Cartographic Spaces of Memory and Oblivion

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Human experience is linked to places of encounter and origin, to cities and roads, to traces of journey and wander. Identity surfaces in personal and cultural cartographies, revived or narrated in maps. From Palestinian refugee camps, where streets are named after the lost places of origin, over drawings of death marches of the Nazi prisoners, to stories of immigrants of multiple mega cities, cartographical practices restore a sense of belonging and becoming. As such, the map is everywhere.
But the map is never complete: always offering a certain reduction, an illusion or even a manipulation of reality. The map can indeed (non)-purposively erase life experience and rewrite history: it can forget whole spaces and communities, or spread lies. No map means no existence, no culture, no community. By renaming places, moving (virtual) boundaries, ignoring slums or nomadic communities, mapping practices can lead to cartographic rupture, and become powerful tools of discrimination, submission and omission.
Space and movement, place and trajectory, origin and diaspora shape human identity. Cartographic expressions, both in life and art, create lines of remembrance and become part of identity and the own narrative of life, while displaying also other memories of the broader world. However, cartographies of power can erase remembrance and rewrite history. This chapter explores the role of cartographic practices in human experiences: both as cartographies of remembrance and as cartographies of oblivion and even rupture. Cartographic practices are aesthetic responses to this paradoxical condition.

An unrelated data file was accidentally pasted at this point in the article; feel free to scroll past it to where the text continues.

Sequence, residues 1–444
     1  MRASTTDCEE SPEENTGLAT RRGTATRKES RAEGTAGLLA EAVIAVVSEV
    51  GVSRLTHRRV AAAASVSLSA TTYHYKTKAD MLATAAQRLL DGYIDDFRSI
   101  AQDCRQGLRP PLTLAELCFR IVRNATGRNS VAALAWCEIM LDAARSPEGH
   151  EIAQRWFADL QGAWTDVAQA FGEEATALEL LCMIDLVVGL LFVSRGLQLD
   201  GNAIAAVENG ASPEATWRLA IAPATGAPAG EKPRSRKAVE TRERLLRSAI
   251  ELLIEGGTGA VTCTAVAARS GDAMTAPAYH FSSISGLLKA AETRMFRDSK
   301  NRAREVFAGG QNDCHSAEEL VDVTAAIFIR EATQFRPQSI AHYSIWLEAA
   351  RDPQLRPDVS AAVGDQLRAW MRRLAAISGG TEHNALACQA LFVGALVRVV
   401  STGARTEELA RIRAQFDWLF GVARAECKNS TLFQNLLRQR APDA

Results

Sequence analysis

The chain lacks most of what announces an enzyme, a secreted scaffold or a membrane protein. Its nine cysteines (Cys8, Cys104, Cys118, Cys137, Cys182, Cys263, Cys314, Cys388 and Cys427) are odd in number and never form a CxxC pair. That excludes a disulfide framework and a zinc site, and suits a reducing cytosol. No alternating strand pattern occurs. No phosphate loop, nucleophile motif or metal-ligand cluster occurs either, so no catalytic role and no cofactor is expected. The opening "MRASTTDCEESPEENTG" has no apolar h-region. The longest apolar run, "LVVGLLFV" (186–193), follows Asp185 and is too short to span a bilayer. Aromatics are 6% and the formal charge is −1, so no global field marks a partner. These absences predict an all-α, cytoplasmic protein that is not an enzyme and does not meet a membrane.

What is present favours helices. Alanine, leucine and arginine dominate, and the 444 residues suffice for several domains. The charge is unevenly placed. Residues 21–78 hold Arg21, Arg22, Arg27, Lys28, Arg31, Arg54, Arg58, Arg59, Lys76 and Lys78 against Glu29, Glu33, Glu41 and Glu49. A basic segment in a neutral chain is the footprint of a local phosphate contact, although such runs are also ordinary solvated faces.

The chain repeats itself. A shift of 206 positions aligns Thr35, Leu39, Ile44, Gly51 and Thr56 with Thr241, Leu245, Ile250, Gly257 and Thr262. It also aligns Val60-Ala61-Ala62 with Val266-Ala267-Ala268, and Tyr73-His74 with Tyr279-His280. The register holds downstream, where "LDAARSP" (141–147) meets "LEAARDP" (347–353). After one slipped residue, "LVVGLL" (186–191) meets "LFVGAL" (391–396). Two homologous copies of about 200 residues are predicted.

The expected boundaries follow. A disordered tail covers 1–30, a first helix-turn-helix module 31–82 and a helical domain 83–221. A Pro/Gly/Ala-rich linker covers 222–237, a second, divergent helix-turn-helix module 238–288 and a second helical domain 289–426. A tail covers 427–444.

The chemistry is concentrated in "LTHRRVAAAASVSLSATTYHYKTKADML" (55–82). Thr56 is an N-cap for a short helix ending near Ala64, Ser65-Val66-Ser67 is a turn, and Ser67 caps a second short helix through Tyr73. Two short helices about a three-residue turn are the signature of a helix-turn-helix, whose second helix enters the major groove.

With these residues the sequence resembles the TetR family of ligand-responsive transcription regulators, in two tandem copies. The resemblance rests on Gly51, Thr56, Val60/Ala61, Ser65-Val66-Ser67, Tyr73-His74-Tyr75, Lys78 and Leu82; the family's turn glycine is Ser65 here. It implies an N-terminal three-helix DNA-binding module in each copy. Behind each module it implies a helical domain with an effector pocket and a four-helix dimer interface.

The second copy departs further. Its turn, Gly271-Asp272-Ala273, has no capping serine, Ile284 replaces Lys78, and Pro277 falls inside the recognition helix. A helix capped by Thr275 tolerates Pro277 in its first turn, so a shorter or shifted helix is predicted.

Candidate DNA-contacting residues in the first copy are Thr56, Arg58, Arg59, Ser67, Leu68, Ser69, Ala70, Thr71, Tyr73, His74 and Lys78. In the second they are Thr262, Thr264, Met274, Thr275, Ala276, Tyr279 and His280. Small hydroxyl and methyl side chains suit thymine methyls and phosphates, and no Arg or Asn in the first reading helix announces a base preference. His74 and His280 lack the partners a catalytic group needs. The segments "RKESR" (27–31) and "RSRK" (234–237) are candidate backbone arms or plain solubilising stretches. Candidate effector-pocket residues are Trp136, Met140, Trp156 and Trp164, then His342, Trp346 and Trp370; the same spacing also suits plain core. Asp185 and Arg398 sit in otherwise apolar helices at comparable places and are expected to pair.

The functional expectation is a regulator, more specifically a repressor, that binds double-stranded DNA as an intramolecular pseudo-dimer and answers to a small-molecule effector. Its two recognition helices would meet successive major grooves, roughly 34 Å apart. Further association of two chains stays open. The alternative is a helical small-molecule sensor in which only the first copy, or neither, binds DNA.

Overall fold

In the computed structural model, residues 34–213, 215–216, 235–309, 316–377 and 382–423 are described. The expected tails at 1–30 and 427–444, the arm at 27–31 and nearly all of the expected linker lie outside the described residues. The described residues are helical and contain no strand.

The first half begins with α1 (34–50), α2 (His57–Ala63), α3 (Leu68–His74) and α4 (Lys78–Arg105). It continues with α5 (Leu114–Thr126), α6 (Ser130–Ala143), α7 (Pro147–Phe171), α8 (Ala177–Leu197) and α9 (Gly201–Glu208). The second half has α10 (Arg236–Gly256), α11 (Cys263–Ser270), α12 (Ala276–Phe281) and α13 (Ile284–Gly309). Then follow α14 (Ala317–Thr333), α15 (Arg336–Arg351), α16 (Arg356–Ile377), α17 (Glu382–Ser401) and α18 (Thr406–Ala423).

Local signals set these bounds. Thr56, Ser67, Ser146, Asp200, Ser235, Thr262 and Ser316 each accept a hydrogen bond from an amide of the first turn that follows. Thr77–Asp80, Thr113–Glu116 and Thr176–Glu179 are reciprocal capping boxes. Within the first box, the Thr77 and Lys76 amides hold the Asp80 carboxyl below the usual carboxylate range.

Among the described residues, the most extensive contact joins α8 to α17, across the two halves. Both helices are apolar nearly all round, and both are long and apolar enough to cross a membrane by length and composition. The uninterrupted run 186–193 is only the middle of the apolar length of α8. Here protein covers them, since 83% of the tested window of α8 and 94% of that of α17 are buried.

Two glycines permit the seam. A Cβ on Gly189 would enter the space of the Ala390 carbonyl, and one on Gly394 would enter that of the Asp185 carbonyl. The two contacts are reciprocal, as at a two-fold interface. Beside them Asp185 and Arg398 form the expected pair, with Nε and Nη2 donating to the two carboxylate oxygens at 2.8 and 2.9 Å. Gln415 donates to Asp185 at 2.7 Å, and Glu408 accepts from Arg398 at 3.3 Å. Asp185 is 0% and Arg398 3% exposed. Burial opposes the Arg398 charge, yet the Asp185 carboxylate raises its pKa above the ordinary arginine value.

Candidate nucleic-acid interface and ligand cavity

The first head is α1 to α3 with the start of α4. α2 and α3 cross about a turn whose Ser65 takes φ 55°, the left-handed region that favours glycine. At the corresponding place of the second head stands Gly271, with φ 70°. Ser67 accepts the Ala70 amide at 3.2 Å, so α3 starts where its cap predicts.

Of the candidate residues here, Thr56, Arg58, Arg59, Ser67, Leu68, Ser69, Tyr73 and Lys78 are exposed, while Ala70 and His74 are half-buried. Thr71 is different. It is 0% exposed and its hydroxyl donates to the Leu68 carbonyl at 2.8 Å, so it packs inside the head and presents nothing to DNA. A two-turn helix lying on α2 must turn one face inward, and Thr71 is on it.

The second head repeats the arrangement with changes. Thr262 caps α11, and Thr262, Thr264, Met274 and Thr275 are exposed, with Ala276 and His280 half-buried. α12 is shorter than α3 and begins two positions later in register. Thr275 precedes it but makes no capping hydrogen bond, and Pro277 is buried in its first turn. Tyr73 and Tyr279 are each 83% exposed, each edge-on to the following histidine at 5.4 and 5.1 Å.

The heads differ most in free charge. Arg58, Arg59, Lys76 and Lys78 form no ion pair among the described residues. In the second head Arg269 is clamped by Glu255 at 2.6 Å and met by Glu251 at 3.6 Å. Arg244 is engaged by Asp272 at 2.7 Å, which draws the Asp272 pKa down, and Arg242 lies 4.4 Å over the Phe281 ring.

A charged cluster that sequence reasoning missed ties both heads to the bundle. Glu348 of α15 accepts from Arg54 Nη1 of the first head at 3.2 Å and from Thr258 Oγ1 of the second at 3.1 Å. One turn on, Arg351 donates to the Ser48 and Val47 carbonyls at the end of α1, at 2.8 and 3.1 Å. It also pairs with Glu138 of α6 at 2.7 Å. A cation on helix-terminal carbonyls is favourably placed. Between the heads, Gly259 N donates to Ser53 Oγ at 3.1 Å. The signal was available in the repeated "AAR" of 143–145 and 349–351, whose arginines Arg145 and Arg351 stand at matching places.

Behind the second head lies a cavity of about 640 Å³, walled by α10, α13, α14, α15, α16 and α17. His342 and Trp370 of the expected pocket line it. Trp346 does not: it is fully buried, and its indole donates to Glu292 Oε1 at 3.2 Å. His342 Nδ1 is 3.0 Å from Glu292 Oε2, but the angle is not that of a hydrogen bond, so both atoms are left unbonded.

Drawing upon artistic and cultural examples of maps and other cartographic practices, I will consider their impact upon culture and experience: as an aesthetic output of memory, as narratives of remembrance, as tools of power and re-inscription, and as means of imagination and re-construction and de-construction. Philosophers and artists have often used maps or trajectories as metaphors for human life. Gilles Deleuze, Amin Maalouf and Michel Serres point to the importance of origin and trajectory, of rootedness and choice. Italo Calvino, Jorge Borges and Peter Greenaway use cartography in their narratives and movies as the ultimate artful practice for expressing human experience over time. These narratives sustain Henri Bergson's reflections on time, memory and perception. They point to the human need to 'cartographise' their world and life, not only for the usefulness of maps for survival, but also as tools for remembrance and identity. Maps open a horizon of possible contraction and expansion of lived moments. Perception over time can be relived in maps; maps can bring back moments of passed life as well as they can project future intentions.
Originele taal-2English
TitelArts of Memory, Arts of Memory: Skilful Practices of Living History
RedacteurenSafet Hadžimuhamedović
Plaats van productieNewcastle
UitgeverijCambridge Scholars Publishing
StatusAccepted/In press - 2013

Bibliografische nota

Safet HadžiMuhamedović

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